Jan 07, 2010 rated it liked it
I know "In a Sunburned Country" by Bill Bryson is supposed to be a funny travelogue and I shouldn't expect too much of it, but I still felt cheated by Bryson's toe-dip into the dangerous waters of Aboriginal history. My recollection is that he covered the issue in what felt like two paragraphs, essentially stating "it totally sucks how the white colonists screwed over the native population and society is still highly segregated today. Now let me tell you another hilarious anecdote about those wa ...more
Nov 30, 2009 rated it really liked it
It was actually a review in the New York Times where I first read about this book. The author is Australian, but she has clearly written the book for an American audience with a lot of translation of Australian terms and concepts.

This book is about the first and only policeman ever to be charged in relation to a death in custody in an Australia jail/prison. In November 2003, Senior Sergeant Chris Hurley arrested Chris Doomadgee for "public nuisance" and took him to the Palm Island Jail. Forty mi
May 02, 2009 rated it it was amazing
Recommended to Weavre by: Vine selection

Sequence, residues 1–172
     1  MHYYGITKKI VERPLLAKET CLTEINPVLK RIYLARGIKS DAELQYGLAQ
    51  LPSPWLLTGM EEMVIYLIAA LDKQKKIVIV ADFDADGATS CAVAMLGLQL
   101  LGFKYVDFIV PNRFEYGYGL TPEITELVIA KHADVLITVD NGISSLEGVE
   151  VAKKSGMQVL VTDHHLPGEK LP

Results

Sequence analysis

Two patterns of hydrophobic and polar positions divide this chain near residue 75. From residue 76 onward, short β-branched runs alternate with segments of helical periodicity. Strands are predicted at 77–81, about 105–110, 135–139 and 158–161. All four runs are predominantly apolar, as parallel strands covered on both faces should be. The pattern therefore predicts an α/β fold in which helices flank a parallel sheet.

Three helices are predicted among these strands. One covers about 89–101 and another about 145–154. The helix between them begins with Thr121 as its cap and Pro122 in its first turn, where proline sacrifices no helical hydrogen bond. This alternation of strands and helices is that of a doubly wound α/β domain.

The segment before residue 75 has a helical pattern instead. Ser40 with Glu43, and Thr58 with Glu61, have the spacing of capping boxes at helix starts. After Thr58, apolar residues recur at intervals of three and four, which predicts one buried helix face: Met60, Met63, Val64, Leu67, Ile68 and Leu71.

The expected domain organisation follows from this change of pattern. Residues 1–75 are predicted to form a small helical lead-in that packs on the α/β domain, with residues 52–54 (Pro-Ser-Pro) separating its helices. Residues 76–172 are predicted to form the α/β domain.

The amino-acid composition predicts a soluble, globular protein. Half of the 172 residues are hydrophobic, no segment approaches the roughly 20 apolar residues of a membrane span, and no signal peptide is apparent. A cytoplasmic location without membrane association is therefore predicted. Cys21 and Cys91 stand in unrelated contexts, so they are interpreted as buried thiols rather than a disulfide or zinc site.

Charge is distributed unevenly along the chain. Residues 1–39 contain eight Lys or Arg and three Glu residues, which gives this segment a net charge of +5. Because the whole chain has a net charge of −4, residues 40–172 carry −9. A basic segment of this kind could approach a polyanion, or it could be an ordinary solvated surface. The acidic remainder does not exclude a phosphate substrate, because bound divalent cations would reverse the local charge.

If the cover blurb interests you, you'll like this book.

Journalist Chloe Hooper chronicles a pivotal series of events in the history of white/Aboriginal interaction in Queensland, Australia. Her writing is clear and descriptive, and she breathes new life into the real characters most readers will only know from the pages of her book. The Palm Island and surrounding settings are so vividly drawn that she could almost be writing ethnography, and the legal drama that unfolds is a story as gripping
Jul 18, 2013 rated it it was amazing
I read this years ago and still find myself returning to the novel on a regular basis. It is an incredible tale depicting the horror that is living in Australia's rural and remote communities. To a certain extent I relate to Hooper, born in the secluded suburbs of Melbourne in the nation's metropolitan south one is largely immune to the lives of many indigenous Australians, all we hear are the biased reports on the news. Therefore reading Hooper's novel was an eye opener and a glimpse into Austr ...more
Sep 05, 2012 rated it it was amazing
A great non-fiction novel who, somewhat in the vein of Capote's In Cold Blood, takes tortured justice as its main character. Set in the Torres Strait region of Australia, it explores the phenomenon of "death in custody", a euphemistic term used to denote Aborigines men who die in police custody, usually either by police assault or self-inflicted wounds. These deaths are rarely investigated in any depth, and charges are almost never pressed. It's only when Chris Hurley, an apparently upstanding w ...more
Harrison Vesey
Sep 22, 2014 rated it it was amazing
As an Australian, it's impossible to recommend this book highly enough. It speaks powerfully and unflinchingly to the grave racial injustice ongoing in this beautiful but deeply flawed nation.